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Guest opinion: 100 years is long enough — Ratify the Equal Rights Amendment

By Donna Kelly - | Sep 28, 2023

The First Presbyterian Church of Seneca Falls, New York, was filled to the brim. With hope. With promise. And with a sense that history was about to be made. Women spilled out of the building, peering in through windows to hear other women commemorate efforts to encode equal rights for women into the U.S. Constitution. It was July 21, 2023 — 100 years after suffragist Alice Paul first publicly read the Equal Rights Amendment at the Seneca Falls Women’s Convention. It was one of the great honors of my life to attend that Centennial Commemoration with six women and men from Utah — the state where the ERA came to languish in the 1970s. Together with 400 others from around the country, we Utahns declared that we WILL finally achieve constitutional equality for all genders.

The Rev. Pat Spearman, a Nevada state senator, called the crowd to action, proclaiming that the fight for equality will never die and that we will win at “done o’clock.” She elaborated: “We don’t have a roadmap, but we are not lost.” Notably, her efforts brought about Nevada’s historic 2017 ratification of the ERA, reviving efforts elsewhere.

The centennial event also featured women like Zoe Nicholson who, in 1982, fasted for 37 days with Sonia Johnson and five other women in an effort to compel the Illinois Legislature to ratify the ERA. Their efforts finally bore fruit in 2018 when Illinois became the 37th state to ratify. In 2020, Virginia became the 38th and last state to ratify it.

Missouri congresswoman Cori Bush proclaimed: “We are one signature away from equality.” That is, the United States archivist, Colleen Shogan, still needs to certify the state ratifications and sign the 28th Amendment into law, an action she has delayed due to missed ratification deadlines and the recension votes of five states. Bush’s House Resolution (HJR25), co-sponsored by Kristen Gillibrand (D-N.Y.), addresses those concerns by simply declaring that the constitutional requirements for ratification have already been met, as both houses of Congress passed the amendment in 1972 and 38 states have ratified it. The sponsors’ theory is that, because the original and revised deadlines for ratification were not in the text of the amendment itself, the deadlines are not binding.

Notably, the 2023 crowd was more diverse than in 1923. Women of color could not participate in 1923, but were present in 2023. Young women — “Generation Ratify” — were also present this time, showing that change is slow but sure. This youth-led organization shut down Constitution Avenue in Washington, D.C., during the weekend of the Centennial Commemoration, facing arrest.

Their passion echoes the historical efforts of many others. Johnson and Paul were judged “too radical” in their day but set the example by putting their physical bodies on the line for constitutionally enshrined equal protection. Utah women Lavern Robertson and Minnie Quay were beaten and force-fed in a work house on the Night of Terrors while advocating for women’s right to vote. As Silent Sentinels, they petitioned the president outside the White House for two years, enduring all kinds of weather and personal physical harm to bring about greater equality — they were fearless.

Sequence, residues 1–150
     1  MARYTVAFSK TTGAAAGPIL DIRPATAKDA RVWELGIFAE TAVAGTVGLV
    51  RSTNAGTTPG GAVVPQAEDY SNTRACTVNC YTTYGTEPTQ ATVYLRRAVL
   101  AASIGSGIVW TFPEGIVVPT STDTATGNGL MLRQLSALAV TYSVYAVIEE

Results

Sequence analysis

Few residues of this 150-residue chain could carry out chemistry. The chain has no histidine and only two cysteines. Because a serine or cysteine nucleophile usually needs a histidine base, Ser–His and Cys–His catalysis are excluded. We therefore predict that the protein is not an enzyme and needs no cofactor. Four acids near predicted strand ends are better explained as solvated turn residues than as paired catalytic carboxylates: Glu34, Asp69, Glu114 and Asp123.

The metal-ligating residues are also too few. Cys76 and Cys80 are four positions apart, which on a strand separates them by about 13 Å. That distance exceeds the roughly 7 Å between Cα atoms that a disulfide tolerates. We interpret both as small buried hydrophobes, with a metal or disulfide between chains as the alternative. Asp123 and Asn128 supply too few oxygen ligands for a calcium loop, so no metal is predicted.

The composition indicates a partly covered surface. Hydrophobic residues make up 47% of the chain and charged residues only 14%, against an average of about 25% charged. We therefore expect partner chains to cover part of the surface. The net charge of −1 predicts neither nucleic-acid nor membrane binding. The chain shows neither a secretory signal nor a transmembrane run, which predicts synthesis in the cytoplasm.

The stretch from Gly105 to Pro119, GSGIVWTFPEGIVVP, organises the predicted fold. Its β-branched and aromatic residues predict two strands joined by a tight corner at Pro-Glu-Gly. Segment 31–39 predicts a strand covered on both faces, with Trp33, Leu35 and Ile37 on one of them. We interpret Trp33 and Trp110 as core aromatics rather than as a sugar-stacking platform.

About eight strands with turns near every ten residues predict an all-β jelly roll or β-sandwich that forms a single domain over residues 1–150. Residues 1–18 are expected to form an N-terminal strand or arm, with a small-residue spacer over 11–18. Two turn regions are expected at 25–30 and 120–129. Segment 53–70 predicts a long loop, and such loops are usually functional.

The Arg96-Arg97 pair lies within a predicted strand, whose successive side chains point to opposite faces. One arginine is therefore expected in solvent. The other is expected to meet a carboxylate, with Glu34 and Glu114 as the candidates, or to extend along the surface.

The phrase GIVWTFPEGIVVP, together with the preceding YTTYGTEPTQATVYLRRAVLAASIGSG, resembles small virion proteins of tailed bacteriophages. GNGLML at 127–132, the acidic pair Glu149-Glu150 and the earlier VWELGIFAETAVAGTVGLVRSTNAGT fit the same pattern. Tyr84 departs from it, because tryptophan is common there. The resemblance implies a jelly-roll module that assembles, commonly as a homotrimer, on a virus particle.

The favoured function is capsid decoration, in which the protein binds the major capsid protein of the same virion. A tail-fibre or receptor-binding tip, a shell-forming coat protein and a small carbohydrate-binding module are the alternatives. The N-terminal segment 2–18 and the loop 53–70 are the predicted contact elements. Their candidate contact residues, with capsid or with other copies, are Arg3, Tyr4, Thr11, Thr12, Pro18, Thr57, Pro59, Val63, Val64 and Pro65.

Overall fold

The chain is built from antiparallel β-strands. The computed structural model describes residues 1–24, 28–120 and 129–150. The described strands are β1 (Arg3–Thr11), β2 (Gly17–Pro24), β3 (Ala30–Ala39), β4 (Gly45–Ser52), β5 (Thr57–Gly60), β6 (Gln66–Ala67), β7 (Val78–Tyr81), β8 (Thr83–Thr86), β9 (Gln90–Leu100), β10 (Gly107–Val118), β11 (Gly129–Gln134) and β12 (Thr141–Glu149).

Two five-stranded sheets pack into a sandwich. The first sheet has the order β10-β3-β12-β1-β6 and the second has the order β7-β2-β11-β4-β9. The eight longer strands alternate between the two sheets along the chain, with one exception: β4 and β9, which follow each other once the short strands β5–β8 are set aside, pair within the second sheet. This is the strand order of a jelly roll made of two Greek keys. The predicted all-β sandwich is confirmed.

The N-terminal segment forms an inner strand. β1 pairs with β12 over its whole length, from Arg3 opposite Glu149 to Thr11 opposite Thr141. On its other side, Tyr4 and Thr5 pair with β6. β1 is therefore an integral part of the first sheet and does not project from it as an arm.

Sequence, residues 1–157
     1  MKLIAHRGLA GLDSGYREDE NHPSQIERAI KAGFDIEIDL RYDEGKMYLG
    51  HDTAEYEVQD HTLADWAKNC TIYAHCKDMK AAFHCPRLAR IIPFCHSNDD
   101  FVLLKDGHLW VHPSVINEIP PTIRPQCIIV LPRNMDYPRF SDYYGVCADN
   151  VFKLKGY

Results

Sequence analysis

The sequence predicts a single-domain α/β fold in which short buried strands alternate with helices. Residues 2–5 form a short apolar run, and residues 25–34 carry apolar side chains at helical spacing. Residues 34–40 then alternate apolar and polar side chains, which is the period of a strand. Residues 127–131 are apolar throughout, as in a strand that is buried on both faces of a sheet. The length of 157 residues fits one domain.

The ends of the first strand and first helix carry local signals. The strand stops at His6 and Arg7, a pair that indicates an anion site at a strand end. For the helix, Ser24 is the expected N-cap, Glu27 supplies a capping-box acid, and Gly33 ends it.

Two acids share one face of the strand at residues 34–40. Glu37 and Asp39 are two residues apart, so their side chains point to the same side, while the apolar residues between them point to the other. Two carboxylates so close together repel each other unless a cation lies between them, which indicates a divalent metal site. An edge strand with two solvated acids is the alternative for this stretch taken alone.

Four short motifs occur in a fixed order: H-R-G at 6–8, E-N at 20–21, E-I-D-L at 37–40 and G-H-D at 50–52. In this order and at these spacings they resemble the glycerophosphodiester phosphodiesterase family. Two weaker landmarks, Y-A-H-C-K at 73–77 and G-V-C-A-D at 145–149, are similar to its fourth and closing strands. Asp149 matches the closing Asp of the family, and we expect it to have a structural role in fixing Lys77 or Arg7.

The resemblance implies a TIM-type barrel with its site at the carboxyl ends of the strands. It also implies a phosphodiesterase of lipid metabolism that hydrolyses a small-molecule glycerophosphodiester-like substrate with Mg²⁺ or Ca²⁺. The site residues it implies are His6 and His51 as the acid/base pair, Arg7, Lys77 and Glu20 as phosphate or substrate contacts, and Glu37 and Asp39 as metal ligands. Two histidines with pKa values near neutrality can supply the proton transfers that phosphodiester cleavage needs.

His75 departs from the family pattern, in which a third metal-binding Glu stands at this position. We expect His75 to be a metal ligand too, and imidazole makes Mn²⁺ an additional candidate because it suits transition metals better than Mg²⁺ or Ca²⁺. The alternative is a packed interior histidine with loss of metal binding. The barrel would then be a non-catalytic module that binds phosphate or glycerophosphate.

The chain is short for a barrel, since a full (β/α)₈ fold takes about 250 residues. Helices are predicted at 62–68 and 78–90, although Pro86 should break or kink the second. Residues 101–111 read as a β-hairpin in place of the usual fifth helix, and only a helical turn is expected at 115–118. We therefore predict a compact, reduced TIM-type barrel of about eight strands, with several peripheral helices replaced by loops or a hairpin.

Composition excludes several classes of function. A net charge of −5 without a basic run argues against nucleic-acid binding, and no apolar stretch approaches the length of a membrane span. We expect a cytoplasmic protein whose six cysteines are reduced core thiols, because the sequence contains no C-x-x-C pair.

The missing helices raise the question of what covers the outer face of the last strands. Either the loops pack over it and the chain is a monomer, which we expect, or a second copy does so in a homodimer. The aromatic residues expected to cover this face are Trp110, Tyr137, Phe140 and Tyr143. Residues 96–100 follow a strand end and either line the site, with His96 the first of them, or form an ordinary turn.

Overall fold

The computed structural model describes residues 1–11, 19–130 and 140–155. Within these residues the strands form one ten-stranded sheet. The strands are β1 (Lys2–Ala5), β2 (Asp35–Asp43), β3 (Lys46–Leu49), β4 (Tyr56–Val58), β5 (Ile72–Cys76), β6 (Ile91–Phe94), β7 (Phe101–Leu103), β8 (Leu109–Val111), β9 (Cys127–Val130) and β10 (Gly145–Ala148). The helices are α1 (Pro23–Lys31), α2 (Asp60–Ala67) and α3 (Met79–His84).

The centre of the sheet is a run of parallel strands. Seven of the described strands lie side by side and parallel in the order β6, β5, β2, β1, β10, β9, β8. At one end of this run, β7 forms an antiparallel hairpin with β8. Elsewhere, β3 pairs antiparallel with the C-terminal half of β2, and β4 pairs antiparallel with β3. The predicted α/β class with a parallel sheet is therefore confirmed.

I was overwhelmed with emotion as I stood at the same podium where Paul first read the ERA. I’ll never forget congresswoman Bush at that same podium quoting Dr. King’s famous declaration that “The moral arc of the universe is long, but it bends toward justice.” She then declared to a rousing standing ovation that the arc will bend faster this time around because “We are pulling the arc.” I returned to the gravesite of Susan B. Anthony in Seneca Falls, where I stood openly weeping at the spirit of sacrifice and dedication to equality that I felt in her speech.

The Seneca Falls event was about commemorating all the work that has been done and committing to the work that still must be done. These women, past and present, remind us that we have to push beyond barriers and suggestions that our fight for equal rights is radical or controversial. The efforts from young people leading Generation Ratify, as a partner in the National ERA Coalition, inspired us to remember what is at stake and to be bold in our efforts to move the ERA forward. Nicholson asked those present to reflect on the actions we, as those in attendance, would be willing to take in order to achieve our fundamental equal rights.

We extend the question to you — what will YOU do to put women in the U.S. Constitution? Let us suggest a few simple actions. Pledge your support for a new resolution the convention drafted, letting Congress know that 100 years is long enough to fight for women’s fundamental rights: https://www.sign4era.org/. Join with the Utah ERA Coalition and the Women’s Democratic Club to continue efforts for equality in our state (www.utahera.org). Contact your congressional delegation individually and ask them to support HJR25.

Has it been a long road? Yes. Has it been hard fought? Yes. Will equality prevail? Without any doubt, YES.

Donna Kelly retired after serving for 32 years as a special victims prosecutor and now serves as an attorney for the Utah Crime Victims Legal Clinic.


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